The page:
The city of Sarasota is on the brink of needing to pay $50 million in damages to a plaintiff in a breach of contract lawsuit. The plaintiff, Buck-Leiter Development, a private real estate developer, filed suit against the city years ago because Sarasota allegedly broke its contractual arrangement regarding a parking garage for Palm Avenue. Palm Avenue is a retail and hotel space that developers built on city property.
Ten years ago – in 2008 – city commissioners were negotiating their final agreement with the developer when the commissioners decided to cancel the deal because of finance and design disagreements. The developer filed suit, saying that the city had breached a prior agreement by backing out of a previous contract. The city, on the other hand, claimed that the developer breached the contract.
The developer won. A jury verdict issued against the city will order the city to pay out nearly $50 million in damages to the developer, but city officials say Sarasota – which has only a little more than $17 million in its emergency reserves – won't be able to afford the bill. Because it was a breach of contract lawsuit, the verdict will not be covered by the city's insurance. Furthermore, the city worries that it will empty its cash reserves, have its credit rating downgraded and be subject to enormous interest rates when it borrows money to satisfy this huge payment. Even worse, the city will probably have to raise taxes.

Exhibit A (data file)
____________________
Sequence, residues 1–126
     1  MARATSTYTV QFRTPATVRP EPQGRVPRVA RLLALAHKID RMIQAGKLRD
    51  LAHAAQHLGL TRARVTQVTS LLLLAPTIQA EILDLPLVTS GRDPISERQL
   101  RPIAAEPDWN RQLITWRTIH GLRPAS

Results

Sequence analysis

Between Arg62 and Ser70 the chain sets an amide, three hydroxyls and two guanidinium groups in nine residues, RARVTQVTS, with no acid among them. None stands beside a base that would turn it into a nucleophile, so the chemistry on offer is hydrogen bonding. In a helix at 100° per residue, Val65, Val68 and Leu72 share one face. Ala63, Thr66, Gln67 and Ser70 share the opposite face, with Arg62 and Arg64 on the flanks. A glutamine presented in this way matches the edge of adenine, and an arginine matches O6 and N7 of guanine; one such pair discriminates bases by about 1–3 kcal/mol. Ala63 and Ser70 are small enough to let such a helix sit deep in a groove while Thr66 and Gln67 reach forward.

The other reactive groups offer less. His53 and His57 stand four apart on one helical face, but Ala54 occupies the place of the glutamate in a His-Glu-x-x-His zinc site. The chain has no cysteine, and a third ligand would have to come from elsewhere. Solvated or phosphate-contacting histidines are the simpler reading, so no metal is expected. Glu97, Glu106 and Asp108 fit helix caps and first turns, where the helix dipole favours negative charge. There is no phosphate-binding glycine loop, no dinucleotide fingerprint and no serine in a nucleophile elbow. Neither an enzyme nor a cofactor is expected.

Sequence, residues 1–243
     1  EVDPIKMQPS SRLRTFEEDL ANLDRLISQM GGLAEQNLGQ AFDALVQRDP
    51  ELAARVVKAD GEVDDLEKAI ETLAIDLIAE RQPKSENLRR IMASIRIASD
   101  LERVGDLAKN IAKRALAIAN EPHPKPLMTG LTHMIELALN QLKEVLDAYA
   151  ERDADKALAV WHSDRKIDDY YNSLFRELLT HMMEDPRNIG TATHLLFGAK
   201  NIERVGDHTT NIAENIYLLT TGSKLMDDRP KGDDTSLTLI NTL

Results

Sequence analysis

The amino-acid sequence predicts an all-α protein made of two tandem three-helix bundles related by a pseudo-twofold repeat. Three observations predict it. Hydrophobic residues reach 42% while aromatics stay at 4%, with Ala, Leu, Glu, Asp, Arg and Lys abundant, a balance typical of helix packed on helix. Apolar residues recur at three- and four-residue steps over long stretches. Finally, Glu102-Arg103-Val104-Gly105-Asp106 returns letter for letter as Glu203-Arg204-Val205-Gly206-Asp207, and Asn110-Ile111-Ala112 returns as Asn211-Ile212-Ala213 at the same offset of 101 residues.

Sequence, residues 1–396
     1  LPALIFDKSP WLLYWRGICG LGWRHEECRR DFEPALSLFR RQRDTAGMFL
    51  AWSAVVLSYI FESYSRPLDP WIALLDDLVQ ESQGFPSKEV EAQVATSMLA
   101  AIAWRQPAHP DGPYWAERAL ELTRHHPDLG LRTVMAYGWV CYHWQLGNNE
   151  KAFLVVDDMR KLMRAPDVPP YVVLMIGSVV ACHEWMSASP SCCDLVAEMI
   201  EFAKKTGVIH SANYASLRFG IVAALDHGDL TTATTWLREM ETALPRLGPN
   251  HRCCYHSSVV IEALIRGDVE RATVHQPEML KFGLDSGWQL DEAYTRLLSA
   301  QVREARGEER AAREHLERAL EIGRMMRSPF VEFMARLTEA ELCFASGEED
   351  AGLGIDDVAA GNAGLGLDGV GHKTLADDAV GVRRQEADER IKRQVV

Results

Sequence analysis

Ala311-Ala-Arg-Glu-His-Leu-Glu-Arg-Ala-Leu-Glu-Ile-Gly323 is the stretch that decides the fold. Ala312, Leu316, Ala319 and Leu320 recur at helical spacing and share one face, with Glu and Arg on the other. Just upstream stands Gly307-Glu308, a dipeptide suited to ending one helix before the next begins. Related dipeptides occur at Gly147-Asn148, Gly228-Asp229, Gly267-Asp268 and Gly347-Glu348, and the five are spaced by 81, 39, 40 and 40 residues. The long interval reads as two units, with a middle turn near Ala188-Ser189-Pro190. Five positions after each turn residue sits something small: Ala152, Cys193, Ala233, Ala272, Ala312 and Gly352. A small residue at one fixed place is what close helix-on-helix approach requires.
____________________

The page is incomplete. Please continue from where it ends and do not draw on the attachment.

This lawsuit is an example of how – even if a plaintiff wins an award in court – it could be difficult to collect the award money. Due to the risk of something like this happening, it's important for plaintiffs to research all possible defendants in a case to help ensure that at least some of the defendants will have sufficient capital reserves available to pay a verdict that results in compensation for the plaintiff.
Source: Herald-Tribune, "Jury decision in development lawsuit could hit Sarasota taxpayers hard," Michael Moore Jr. and Nicole Rodriguez, May 25, 2018